Using this text, we decided to create a box that all the characters live in, and with them, Maksudov, the main character. What kind of box should it be?  Since the play depicts the Moscow Art Theatre in the 1920s, we decided that the shape of the walls of this box should depict the famous portrait foyer of the Moscow Art Theatre with portraits of the great artists of the time constantly staring at the author and characters inside the box.  We then decided that the audience members should portray these portraits, and thus, we have the audience seated around the box, in which characters come alive.  They are looking though their individual windows or portraits as if in a foyer of the legendary theatre.  Maksudov therefore, is forever stuck like Prometheus in the ‘magical box’ or the ‘portrait foyer’ that he loves more than anything in the world.

Arlekin Players Dead Man's Diary cast

A scene from Dead Man’s Diary: A Theatrical Novel Photo courtesy of Arlekin Players

SC:  This show also features its share of absurd comedy as well.

IG:  Correct.  In Maksudov’s eyes, the actors in the theatre hire him to write a play are from a different, exotic, and fascinating world.  It’s as if they are superhuman. The absurdity comes from the heightened level of passion of the characters and their incredible self-delusions, which at times are absurdly vulnerable and poetic, and at times absurdly cruel and self-absorbed. We recognize the faults of the human soul looking through Maskudov’s eyes as if though a looking glass, where the faults become exaggerated and ultimately comical.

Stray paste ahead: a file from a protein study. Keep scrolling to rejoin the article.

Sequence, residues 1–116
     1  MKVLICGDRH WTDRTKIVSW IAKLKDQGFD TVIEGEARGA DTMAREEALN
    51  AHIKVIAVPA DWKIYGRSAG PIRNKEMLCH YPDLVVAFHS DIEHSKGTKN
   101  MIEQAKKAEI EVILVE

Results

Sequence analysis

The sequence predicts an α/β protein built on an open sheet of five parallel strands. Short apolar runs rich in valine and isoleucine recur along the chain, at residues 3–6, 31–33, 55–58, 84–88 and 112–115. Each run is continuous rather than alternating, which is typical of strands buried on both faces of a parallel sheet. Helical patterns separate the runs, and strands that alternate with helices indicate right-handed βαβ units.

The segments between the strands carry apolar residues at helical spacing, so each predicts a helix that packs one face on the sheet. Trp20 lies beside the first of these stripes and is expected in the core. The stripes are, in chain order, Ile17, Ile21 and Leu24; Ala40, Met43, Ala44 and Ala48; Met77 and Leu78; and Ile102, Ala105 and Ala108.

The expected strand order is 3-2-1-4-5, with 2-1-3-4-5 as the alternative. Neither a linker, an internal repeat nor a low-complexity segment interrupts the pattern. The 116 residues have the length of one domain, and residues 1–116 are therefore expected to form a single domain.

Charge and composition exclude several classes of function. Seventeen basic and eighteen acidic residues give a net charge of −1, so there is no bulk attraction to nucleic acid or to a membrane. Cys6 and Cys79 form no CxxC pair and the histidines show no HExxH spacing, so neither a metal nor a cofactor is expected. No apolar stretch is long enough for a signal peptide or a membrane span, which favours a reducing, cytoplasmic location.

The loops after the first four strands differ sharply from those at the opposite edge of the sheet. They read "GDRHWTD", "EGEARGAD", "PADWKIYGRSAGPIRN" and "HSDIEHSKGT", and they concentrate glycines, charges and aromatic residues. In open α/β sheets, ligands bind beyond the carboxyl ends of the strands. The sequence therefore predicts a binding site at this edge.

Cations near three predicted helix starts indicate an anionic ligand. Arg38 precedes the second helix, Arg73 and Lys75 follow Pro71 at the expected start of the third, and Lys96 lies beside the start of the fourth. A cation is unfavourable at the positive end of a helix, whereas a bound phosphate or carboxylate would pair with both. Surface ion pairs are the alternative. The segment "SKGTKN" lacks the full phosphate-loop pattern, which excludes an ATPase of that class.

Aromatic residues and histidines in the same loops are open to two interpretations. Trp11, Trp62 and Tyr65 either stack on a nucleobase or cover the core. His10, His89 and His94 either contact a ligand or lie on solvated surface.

SC:  It describes not only theatre, but the writer’s journey and touches upon what it really means to be successful.  What are your views on success?

IG:  My view of success is having a group of artists, a team of sorts, which is united and inspired by each other to produce a specific piece of text.  As a result, they are able to touch the souls of people in the audience.  When this happens, I feel truly successful.

SC:  What do you like most about this show and what is the best reason someone should attend?

IG:  I think the acting, directing, set design, music composition, and collaborative imagination all work together to give this piece an unusual style. We are excited to bring what we believe is a unique contribution to the Boston Theatre Scene. Also, the piece was written in Russian and is performed by Russian actors but was adapted and created here. We are a local company making new work for the last 9 years. We have already had 20 performances of Dead Man’s Diary. For those who have seen and loved it, it has grown even more over time.  See the show and you will not leave untouched.

Click here for more information and for tickets to Dead Man’s Diary: A Theatrical Novel from Saturday, March 17 through Sunday, April 1 at the Paramount Theatre in Boston, Massachusetts.  Follow the Arlekin Players on Facebook and Twitter.

South South Conservatory’s annual, family summer outdoor concert series, ‘Wacky Wednesdays’ returns